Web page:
Solemn Decoration for Deities and the Buddha
Mainly referred to as shinpō in Japanese, sacred treasures are certain types of objects, including sumptuous maki-e furnishings, that have been handed down for centuries in prestigious Shinto shrines. They were dedicated on such occasions as the establishment or rebuilding of shrines, and the accession of an emperor. They were also donated by court nobles and warriors for special prayers. Such sacred treasures compellingly reflect the lifestyle and culture of the court.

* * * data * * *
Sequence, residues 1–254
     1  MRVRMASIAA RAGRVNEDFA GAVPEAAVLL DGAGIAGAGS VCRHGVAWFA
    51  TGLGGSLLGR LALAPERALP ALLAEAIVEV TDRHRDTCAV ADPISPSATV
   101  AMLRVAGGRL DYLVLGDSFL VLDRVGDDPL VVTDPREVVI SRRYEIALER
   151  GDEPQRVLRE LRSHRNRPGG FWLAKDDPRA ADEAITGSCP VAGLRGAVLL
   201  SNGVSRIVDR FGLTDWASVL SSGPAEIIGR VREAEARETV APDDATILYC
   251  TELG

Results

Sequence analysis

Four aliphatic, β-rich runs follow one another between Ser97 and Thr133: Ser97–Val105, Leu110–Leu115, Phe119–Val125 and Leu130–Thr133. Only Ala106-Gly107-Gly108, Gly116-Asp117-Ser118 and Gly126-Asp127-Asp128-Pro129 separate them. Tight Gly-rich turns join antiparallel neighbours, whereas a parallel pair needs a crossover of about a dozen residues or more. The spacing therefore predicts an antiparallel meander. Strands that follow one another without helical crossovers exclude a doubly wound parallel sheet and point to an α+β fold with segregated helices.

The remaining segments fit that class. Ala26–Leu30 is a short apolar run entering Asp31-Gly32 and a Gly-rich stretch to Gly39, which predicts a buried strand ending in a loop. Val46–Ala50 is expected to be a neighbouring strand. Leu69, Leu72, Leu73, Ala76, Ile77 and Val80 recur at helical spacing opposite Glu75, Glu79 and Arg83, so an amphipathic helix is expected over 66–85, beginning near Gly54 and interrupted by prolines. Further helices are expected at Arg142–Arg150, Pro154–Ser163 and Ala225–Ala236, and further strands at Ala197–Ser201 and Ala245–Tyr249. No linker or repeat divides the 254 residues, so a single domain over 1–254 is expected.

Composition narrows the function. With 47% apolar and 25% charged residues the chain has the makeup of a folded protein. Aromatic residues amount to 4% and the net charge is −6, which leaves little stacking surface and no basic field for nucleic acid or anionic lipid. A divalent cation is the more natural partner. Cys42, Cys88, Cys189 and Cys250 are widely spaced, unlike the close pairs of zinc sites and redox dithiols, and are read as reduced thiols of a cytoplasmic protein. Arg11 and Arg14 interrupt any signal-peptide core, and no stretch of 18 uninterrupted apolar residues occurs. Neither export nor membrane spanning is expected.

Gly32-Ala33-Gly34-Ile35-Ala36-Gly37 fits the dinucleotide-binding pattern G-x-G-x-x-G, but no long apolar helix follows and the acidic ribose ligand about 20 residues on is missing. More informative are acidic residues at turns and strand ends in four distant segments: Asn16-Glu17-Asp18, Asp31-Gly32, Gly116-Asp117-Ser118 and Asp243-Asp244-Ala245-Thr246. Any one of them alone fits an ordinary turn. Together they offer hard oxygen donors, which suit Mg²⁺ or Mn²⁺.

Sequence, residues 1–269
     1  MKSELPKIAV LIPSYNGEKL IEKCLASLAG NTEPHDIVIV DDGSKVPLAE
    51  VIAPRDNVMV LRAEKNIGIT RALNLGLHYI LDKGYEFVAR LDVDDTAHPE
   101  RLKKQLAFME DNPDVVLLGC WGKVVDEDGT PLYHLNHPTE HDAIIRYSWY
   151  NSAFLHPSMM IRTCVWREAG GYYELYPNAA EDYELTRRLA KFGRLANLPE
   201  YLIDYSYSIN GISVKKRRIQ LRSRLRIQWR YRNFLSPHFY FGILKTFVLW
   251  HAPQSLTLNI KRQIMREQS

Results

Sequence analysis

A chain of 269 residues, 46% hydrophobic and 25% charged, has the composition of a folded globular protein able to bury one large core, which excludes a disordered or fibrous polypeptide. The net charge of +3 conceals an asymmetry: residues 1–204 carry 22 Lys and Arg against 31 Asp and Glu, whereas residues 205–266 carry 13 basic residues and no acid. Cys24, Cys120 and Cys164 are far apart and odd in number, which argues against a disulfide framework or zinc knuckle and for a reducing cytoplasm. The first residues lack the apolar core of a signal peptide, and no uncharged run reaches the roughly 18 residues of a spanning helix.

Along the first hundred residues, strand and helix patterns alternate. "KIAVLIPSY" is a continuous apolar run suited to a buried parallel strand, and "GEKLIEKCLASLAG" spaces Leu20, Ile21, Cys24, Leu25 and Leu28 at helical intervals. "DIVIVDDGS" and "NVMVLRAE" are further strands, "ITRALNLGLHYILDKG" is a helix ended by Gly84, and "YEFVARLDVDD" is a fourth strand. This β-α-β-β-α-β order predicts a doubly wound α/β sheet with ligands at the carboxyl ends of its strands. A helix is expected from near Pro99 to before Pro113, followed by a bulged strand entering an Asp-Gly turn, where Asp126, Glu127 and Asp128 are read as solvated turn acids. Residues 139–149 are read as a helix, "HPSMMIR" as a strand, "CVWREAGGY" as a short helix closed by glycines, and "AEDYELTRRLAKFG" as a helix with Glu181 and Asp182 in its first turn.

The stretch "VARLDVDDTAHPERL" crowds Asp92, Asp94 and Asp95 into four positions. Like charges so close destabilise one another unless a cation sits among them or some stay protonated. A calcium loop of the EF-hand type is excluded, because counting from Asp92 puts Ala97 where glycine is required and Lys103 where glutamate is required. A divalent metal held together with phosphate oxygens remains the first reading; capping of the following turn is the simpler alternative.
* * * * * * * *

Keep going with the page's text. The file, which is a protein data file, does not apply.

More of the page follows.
In the context of Buddhism, boxes for precious sutras and implements were embellished with maki-e. During the Heian period (794-1192), Japanese Buddhism witnessed a new development resulting from the influence of two monks, Dengyō Daishi Saichō (767-822) and Kōbō Daishi Kūkai (774-835). Saichō established the Tendai sect. The Lotus Sutra (Hoke-kyō), which formed the basis of the sect, taught the virtues of copying sutras as a meritorious act. This resulted in the production of magnificently decorated sutras. By contrast, Kūkai brought Esoteric Buddhist pictorial images and implements from China, which exerted a great influence on the art of Esoteric Buddhism in Japan. In the temples of Kūkai’s Shingon sect, masterpieces of maki-e lacquerware for storing Buddhist vestments, wish-fulfilling jewels, and sutras have been handed down.